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Georgia goes on quarrelling with Russia2010-07-23 19:03
Recently, President Saakashvili sympathized with the Russian citizens called "occupants" because of the Russian policy carried out in the Caucasus. Following his example, Georgian parliament started saying that the occupation of Georgia began a long time ago and it is necessary to legalize the Soviet Occupation Day and the Day of remembrance of victims of totalitarian regime. GeorgiaTimes asked two experts, Candidate of Science (History), Associate Professor at MGIMO (U) of Russian Foreign Ministry Igor Mikhailov and one of the leaders of the Georgian oppositional Conservative party Kakha Kukava whether these dates bear any significance for Georgian people.
The idea of quarrelling with Russia after reminding it of Soviet offenses is too commonplace. Here, an identity sign may be put between USSR and Russia. This time, Georgia picked up the slack from the friendly Moldova where a month earlier, Acting President Mikhay Gimpu signed a decree declaring July 28 the Soviet Occupation Day. The draft decision was contested in Constitutional court and thus failed.
Georgian president seemed to be left apart from the ongoing events and the small contribution in the course of world development was made by a man with a name of Gogol's inconspicuous character, Chairman of Parliament Committee for International Relations Akakiy Minashvili. He put on the agenda the issue of official celebration of two days: the occupation day and the day of remembrance of victims of totalitarian regime.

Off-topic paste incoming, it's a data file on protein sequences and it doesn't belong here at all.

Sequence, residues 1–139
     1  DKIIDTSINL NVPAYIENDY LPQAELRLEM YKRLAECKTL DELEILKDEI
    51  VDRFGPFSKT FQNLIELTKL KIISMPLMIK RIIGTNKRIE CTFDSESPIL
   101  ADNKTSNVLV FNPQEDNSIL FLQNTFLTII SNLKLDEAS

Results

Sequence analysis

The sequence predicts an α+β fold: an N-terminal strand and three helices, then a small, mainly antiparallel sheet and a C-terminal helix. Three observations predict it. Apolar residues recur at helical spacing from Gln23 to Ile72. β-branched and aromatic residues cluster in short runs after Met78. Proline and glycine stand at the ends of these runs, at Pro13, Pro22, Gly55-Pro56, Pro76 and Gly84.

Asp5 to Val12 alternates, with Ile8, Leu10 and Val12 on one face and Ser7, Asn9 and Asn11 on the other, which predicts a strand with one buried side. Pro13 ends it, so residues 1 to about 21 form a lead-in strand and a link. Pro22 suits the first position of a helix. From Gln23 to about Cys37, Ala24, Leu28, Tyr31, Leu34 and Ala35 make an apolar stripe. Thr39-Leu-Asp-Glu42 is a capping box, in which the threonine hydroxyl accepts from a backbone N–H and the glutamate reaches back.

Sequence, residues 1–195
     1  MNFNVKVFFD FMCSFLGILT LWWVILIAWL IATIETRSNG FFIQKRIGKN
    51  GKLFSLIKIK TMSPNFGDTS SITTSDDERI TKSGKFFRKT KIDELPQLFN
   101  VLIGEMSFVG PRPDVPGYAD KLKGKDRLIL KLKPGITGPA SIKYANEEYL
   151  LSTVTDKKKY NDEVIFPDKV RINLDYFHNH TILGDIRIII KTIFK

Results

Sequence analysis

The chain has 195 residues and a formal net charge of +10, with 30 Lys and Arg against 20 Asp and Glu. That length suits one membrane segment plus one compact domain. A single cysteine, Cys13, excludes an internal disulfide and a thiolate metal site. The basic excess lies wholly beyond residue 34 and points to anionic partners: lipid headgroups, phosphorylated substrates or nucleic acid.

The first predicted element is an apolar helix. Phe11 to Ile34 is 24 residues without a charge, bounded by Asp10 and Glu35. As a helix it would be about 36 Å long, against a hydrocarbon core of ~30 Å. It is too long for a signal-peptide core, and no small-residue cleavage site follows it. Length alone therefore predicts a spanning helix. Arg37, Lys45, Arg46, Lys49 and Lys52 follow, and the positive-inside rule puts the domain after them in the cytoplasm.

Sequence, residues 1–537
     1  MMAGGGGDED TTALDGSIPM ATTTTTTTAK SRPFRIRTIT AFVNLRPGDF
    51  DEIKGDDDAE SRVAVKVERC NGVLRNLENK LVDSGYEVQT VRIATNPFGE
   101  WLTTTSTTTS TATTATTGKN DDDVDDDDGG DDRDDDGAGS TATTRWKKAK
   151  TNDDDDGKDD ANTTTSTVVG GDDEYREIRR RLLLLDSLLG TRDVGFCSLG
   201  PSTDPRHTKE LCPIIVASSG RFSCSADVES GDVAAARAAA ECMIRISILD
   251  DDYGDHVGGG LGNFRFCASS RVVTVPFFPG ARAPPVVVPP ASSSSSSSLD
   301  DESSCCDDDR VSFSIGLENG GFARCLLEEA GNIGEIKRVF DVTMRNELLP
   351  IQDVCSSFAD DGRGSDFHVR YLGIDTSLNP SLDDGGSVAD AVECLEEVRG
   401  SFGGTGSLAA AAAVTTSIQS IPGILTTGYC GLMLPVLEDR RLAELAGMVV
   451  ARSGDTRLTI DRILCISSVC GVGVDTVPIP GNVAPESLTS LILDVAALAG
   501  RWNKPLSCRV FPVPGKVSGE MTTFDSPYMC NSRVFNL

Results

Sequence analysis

It was proposed to mark the Occupation Day on February 25. Are there any grounds to mark this day as the day of Soviet occupation?
Kakha Kukava: the date of February 25 is truly meaningful and the people know it well. However, there was not only Soviet occupation: we also had Roman, Byzantine, Mongol and Arabian occupation that caused many victims but we do not have museums or commemoration days of Roman occupation.
Igor Mikhailov: indeed, on 25 February 1921 the Red Army penetrated the Georgian republic with Noy Zhordania's Menshevist government. One may say that Georgians were in the process of joining European civilization, while Bolshevists turned them into slaves. Basically, all Soviet republics were enslaved by Bolshevists and here Georgia shared the fate of the Russian people.
The decree says that being USSR's successor, Russia did not take any steps to eliminate the consequences of Soviet occupation after the USSR collapse. Moreover, the occupation is obviously linked with the loss of South Ossetia and Abkhazia.